Over at Susan Cartier Liebel’s Build a Solo Practice she puts out a couple of statistics I hadn’t seen before:
Solos comprise more than 50% of all private practice attorneys in the country. In some states, like New York, they are as high as 81%.
With such a huge predominance of BigLaw in the news, I never realized that I was actually in the majority, not the minority.
But the stats lead to different questions, starting with this: What, exactly, is the definition of a solo?
Does this mean one lawyer, and one lawyer only (along with support staff)?
Or does solo mean that there may be a few associates, but 100% of the equity (and responsibility and liability) of the firm sits with one person?
What definitions are used to create these stats, and what definition should be used?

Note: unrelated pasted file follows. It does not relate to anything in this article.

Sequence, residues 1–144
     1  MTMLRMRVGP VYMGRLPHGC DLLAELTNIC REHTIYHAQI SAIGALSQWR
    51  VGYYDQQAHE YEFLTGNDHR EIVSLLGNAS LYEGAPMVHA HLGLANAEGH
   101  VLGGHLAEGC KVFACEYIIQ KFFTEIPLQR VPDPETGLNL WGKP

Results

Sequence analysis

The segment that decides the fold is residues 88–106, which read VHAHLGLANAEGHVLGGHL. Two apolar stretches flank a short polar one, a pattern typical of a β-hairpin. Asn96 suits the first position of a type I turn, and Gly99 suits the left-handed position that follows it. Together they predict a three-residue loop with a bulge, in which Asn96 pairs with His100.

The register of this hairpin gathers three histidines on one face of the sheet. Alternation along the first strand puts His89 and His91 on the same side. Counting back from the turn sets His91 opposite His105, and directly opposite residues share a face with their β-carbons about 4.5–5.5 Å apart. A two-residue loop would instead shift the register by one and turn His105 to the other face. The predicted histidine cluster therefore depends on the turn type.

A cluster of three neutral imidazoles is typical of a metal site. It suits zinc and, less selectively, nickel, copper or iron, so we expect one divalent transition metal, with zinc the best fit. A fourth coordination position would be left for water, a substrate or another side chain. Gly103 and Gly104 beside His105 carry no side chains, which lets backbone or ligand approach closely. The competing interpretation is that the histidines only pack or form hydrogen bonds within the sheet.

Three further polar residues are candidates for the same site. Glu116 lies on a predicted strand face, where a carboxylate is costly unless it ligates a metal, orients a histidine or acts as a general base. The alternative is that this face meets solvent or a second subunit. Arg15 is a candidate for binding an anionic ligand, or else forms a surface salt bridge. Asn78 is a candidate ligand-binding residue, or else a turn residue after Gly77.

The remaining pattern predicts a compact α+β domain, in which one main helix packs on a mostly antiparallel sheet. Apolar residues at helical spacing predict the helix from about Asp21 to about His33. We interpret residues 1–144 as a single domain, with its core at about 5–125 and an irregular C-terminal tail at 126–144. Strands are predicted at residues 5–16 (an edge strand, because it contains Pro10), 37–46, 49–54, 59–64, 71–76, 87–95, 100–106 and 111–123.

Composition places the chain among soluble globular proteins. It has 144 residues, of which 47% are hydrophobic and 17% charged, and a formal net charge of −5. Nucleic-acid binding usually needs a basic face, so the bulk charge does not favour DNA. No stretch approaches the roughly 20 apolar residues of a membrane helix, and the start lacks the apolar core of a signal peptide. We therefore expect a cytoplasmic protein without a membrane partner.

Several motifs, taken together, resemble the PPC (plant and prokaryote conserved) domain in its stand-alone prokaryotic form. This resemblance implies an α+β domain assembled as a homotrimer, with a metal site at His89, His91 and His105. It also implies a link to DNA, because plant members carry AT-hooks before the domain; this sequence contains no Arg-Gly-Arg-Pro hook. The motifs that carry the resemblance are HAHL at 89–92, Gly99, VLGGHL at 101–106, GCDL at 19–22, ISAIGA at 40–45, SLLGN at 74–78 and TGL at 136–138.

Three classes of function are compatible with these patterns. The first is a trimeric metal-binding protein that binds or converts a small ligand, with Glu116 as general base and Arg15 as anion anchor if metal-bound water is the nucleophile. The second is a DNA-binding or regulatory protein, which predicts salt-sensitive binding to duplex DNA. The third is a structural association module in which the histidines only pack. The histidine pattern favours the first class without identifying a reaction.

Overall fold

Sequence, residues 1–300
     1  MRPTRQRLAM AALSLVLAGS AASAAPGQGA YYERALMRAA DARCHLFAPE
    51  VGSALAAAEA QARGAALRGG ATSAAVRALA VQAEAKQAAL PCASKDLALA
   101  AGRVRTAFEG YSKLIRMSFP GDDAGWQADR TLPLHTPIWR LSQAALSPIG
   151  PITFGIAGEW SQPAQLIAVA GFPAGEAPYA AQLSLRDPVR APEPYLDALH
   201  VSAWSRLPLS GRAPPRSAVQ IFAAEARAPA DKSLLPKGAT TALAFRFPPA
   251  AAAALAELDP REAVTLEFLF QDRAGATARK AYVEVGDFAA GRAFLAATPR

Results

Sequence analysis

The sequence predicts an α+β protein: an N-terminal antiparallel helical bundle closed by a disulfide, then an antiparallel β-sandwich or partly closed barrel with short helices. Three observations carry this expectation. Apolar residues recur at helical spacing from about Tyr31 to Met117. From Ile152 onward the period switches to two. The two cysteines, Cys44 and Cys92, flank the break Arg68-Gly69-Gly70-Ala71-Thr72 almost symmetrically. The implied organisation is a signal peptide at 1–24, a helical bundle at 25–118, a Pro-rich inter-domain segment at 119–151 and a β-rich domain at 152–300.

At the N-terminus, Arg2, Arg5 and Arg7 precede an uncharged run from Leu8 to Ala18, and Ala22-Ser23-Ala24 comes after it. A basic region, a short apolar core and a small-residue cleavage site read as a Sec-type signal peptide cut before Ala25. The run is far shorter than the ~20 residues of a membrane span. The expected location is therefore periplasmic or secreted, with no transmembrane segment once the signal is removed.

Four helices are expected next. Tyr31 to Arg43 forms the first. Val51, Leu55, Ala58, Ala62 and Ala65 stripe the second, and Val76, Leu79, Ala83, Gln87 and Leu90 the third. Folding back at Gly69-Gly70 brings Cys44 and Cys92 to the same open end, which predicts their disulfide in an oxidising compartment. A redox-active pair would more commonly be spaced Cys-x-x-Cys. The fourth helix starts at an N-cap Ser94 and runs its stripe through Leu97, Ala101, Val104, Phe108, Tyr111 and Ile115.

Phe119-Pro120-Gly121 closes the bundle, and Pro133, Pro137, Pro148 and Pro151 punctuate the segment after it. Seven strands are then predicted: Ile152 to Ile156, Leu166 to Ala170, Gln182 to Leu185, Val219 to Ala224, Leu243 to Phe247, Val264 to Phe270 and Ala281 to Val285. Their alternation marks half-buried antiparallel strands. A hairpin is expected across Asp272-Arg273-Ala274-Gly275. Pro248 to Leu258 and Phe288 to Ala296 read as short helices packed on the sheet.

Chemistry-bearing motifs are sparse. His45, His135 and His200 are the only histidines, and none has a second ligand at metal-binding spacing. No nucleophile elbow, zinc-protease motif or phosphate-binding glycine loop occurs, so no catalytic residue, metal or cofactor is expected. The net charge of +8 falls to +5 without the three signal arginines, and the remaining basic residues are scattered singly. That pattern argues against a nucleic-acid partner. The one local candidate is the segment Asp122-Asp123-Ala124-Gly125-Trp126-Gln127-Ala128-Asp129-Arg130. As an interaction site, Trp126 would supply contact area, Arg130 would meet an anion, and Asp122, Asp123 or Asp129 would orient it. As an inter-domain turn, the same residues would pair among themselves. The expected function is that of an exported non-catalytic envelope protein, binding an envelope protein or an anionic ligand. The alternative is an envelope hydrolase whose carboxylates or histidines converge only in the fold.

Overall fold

I’m not going to pretend I know what the “right” answer is, though I think that the element of 100% of the risk is more important than 100% of the work. This is especially true given that many solos may outsource some work when times get busy, creating a vast gray area of per diem, “of counsel,” and part-time lawyers that make precise definitions difficult. I just don’t know how any of this is factored in when statistics are compiled.
And I am more than a bit curious as to what others think, and with that, here is a shout out to:
- SoloBlawg (Ben Cowgill);
- Home Office Warrior (Grant Griffiths)
- Solo in Chicago (Peter Olson)
- The Inspired Solo (Cheryl Sisk Schelin)
- Legal Research and Writing Pro (Lisa Solomon)
- The Greatest American Lawyer (Enrico Schaefer);
- Chuck Newton Rides The Third Wave (Chuck Newton);
- And, of course, Carolyn Elefant, author of Solo by Choice.
I hope to hear back on other blogs and in the comments here.
Update – Responses:
- See What’s a solo? (Carolyn Elefant)
- Eric Turkewitz asks, “What is a Solo?” (Susan Cartier Liebel)
- What Is A Solo Practitioner? (Chuck Newton)